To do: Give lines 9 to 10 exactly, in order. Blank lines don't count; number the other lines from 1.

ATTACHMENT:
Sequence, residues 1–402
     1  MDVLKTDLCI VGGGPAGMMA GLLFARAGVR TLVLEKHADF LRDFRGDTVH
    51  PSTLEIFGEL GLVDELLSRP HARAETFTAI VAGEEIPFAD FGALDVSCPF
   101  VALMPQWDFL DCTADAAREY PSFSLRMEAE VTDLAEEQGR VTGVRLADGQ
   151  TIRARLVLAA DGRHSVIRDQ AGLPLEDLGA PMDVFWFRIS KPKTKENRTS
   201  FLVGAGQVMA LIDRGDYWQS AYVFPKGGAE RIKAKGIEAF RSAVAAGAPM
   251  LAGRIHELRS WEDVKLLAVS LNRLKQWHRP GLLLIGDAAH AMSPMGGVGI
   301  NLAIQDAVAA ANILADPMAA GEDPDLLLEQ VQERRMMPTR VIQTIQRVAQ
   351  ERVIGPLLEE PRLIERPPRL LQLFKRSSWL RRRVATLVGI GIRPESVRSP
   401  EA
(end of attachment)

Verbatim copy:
   351  ERVIGPLLEE PRLIERPPRL LQLFKRSSWL RRRVATLVGI GIRPESVRSP
   401  EA